Editor’s Note: Cyclone Freddy formed on Feb. 5 in the Australian Region Cyclone Basin, moved into the South-West Indian Ocean Basin, traveled almost 5,000 miles, and unleashed winds up to 165 miles per hour before dissipating on March 14.
Freddy was the longest-lasting tropical cyclone ever recorded. It pummelled Malawi, where the president declared a state of emergency.
Ngonidzashe Nyambawaro was one of the early responders for the RCCE Collective Service, a grantee of The Rockefeller Foundation focused on community engagement and communication during a public health crisis.
The Collective Service provides coordinated risk communications and community engagement intelligence and support to governments and partners involved in national and local responses to Covid-19, and other public health emergencies. The Collective Service is a collaborative partnership between IFRC, UNICEF, the World Health Organization (WHO), Global outbreak Alert and Response Network (GOARN), and key stakeholders from the public health and humanitarian sectors.
Here, in a five-part series, is a report of his two weeks in the field.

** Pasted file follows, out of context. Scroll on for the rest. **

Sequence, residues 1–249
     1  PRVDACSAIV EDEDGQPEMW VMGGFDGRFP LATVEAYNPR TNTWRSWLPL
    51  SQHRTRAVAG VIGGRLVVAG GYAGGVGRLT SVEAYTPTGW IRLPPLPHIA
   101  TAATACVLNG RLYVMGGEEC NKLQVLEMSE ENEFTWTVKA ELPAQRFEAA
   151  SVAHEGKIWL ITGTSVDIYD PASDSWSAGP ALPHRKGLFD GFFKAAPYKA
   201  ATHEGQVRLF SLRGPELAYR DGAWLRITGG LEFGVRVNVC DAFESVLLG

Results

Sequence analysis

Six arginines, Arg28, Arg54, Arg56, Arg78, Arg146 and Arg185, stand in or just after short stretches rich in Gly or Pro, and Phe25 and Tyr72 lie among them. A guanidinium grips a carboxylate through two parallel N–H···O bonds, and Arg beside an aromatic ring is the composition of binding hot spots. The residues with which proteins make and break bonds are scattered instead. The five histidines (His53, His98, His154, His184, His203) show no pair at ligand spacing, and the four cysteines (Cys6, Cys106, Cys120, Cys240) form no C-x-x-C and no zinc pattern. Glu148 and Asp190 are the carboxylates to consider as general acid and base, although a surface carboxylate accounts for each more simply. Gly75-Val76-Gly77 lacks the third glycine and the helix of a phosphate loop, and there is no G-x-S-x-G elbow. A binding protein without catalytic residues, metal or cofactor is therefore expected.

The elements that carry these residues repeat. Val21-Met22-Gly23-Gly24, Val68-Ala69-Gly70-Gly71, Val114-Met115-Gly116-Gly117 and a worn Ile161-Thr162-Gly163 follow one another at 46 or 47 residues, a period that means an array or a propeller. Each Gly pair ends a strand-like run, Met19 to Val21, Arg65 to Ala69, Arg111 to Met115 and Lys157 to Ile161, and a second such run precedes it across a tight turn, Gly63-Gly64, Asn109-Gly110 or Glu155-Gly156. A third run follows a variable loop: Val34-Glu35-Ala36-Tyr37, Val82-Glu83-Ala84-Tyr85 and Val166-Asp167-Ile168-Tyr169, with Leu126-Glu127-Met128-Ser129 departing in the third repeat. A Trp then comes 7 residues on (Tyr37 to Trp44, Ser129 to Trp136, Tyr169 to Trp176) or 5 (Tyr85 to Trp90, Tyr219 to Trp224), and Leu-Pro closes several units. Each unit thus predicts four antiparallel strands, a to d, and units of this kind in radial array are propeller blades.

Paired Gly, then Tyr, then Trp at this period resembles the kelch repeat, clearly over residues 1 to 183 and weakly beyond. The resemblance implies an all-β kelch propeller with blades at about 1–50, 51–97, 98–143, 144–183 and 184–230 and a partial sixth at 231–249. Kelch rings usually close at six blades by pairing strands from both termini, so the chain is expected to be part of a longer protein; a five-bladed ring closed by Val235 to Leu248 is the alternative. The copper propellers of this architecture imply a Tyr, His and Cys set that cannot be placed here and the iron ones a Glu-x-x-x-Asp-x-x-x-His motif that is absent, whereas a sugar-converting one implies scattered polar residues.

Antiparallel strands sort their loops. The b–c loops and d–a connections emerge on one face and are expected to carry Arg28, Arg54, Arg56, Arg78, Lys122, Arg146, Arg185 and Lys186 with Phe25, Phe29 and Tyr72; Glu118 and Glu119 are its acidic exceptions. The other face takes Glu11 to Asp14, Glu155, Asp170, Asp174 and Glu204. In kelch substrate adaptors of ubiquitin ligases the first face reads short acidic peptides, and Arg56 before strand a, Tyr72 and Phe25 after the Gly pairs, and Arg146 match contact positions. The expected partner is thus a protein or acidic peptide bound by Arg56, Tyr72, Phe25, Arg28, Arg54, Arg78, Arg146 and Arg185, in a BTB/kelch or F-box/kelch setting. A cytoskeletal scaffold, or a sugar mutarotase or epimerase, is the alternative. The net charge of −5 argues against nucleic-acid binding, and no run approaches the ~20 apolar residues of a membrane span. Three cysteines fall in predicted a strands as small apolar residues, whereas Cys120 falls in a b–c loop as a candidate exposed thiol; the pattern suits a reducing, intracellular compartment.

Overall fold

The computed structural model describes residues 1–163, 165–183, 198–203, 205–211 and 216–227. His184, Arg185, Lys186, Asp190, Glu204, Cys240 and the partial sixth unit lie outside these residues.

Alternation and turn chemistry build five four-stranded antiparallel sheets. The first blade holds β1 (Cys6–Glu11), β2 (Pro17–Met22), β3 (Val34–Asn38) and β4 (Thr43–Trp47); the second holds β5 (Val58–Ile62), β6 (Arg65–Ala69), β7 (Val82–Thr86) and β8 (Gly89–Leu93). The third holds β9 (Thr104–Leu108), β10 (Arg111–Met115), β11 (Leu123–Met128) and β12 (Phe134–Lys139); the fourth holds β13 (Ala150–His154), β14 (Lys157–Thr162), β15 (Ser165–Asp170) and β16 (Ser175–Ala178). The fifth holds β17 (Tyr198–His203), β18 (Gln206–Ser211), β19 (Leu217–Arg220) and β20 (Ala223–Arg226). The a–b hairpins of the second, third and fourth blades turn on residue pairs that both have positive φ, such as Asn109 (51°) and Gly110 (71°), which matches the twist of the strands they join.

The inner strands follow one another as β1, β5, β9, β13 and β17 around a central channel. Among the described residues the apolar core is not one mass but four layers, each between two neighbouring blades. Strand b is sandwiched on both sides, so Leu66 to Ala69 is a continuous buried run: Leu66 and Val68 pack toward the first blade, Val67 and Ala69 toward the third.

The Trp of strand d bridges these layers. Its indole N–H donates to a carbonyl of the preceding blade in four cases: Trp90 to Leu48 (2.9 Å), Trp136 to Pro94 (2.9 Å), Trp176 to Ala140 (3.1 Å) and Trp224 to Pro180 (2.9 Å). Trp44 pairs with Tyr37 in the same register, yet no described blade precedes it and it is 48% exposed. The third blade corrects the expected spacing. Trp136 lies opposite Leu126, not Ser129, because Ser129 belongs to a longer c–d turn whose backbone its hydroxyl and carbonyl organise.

Read the Series:
Superlatives are necessary when talking about Freddy, the longest-lasting tropical cyclone ever recorded anywhere in the world.
From Lilongwe, I travel five hours by road to Malawi’s commercial hub, Blantyre, which was battered by the intense winds and rain that accompanied Freddy and caused catastrophic flash floods.
The coordination meetings are underway. Those of us who have never met before are getting to know one another even as we assess the situation here in Malawi.
Over the last several days, I have traveled out of Blantyre to five communities in the Shire River Valley – Zomba, Chikwawa, Nsanje, Mulanje, and Phalombe.
Today was one of the best days of my mission. I held a one-day training with 18 local community-based organizations—the real foot soldiers—around community feedback mechanisms.
Joining the Fight to Combat Crises
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